Interest is lively at deadline for 'Obamacare' sign-ups

FILE - This file image provided by U.S. Centers for Medicare & Medicaid Service shows the website for HealthCare.gov. As COVID-19 spreads uncontrolled in many places, a coalition of states, health care groups and activists is striving to drum up Obamacare sign-ups among a growing number of Americans uninsured in perilous times. (U.S. Centers for Medicare & Medicaid Service via AP)
FILE - This file image provided by U.S. Centers for Medicare & Medicaid Service shows the website for HealthCare.gov. As COVID-19 spreads uncontrolled in many places, a coalition of states, health care groups and activists is striving to drum up Obamacare sign-ups among a growing number of Americans uninsured in perilous times. (U.S. Centers for Medicare & Medicaid Service via AP)

WASHINGTON – A crush of sign-ups expected Tuesday on the last day of open enrollment for HealthCare.gov could help solidify the standing of “Obamacare” as an improbable survivor in the Donald Trump years.

In 36 states that use HealthCare.gov,- Dec. 15 is deadline day for coverage that starts Jan. 1, while another 14 states and Washington, D.C., have later dates. Analysts and advocates who follow the annual insurance sign-ups say interest has gotten stronger with the coronavirus pandemic gripping the nation.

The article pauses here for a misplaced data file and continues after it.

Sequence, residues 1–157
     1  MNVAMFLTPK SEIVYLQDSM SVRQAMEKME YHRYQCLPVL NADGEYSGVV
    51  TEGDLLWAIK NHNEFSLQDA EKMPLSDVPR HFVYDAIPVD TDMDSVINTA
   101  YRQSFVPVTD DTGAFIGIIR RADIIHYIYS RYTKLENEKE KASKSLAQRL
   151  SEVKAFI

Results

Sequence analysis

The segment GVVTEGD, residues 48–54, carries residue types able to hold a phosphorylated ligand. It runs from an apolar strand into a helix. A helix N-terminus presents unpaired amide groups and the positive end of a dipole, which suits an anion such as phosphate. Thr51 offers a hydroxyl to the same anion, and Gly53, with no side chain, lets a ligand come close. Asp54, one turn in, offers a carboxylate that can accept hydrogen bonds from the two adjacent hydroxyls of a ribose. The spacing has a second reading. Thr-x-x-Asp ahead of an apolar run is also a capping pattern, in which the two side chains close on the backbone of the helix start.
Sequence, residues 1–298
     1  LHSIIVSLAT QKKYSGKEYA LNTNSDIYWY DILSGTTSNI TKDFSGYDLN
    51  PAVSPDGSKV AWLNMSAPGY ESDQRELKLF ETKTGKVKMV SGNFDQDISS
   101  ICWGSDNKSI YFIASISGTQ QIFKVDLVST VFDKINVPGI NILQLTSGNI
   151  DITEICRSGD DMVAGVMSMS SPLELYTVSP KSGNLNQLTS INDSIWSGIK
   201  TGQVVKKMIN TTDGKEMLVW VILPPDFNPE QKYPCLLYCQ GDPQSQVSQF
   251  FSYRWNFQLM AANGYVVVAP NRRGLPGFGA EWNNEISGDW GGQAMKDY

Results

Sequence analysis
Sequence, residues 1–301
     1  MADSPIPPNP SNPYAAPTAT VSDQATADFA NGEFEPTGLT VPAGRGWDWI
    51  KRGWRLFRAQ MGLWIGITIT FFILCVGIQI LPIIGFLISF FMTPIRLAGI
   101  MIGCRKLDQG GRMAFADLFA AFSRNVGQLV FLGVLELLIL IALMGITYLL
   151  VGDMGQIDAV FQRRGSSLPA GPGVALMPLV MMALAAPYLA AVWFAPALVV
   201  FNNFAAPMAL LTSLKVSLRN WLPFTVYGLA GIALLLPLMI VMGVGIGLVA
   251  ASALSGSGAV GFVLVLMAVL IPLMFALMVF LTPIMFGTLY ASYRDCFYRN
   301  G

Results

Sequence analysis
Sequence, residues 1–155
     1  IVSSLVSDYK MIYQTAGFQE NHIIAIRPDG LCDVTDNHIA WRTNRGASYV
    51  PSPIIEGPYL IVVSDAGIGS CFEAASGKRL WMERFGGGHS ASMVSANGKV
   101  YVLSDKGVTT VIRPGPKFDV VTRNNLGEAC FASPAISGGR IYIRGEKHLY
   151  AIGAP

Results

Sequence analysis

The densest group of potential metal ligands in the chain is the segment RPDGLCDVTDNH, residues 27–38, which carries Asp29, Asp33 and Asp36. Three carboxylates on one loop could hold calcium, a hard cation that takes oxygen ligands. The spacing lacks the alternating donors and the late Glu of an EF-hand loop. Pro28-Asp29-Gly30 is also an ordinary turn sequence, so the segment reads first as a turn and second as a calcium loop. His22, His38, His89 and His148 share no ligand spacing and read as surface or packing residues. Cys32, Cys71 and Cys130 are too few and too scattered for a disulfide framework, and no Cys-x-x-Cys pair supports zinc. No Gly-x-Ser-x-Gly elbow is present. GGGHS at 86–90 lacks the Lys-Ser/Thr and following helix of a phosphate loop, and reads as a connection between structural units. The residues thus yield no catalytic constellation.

Also, the legal cloud hanging over the Affordable Care Act seemed to start lifting last month when Supreme Court justices gave a skeptical reception to the latest challenge from the Trump administration and conservative-led states seeking to overturn the law in its entirety.

“The safety net is working,” said Chris Sloan of the consulting firm Avalere Health. When final numbers are released next year, Sloan says the ACA could surpass its current enrollment of 11.4 million people. “I think it's just reflective of the need being greater for people who have lost their jobs and need to find some other form of health insurance,” he said.

The insurance markets offer taxpayer subsidized private plans to people who don't have job-based coverage. Insurers cannot turn away customers with pre-existing medical conditions. Medicaid expansion, another component of the health law, covers about 12 million people.

Stephanie Burton, a solo practitioner lawyer from Kansas City, Missouri, said she recently renewed her coverage for 2021. For about $150 a month, after subsidies, Burton is also able to cover two young adult children as they negotiate their transition to self-sufficiency in a shaky economy.

But Burton said she's noticed that the annual enrollment season gets very little promotion. After Trump failed to repeal former President Barack Obama's signature law, not even the rising need for coverage amid coronavirus layoffs has persuaded his administration to rethink its opposition. Trump administration officials say what they have done is to focus on the smooth operation of the HealthCare.gov website for those who may want the coverage.

“Since I've always had it, I get reminders by email,” said Burton, but “there are a lot of people who may not even know how to find this information.”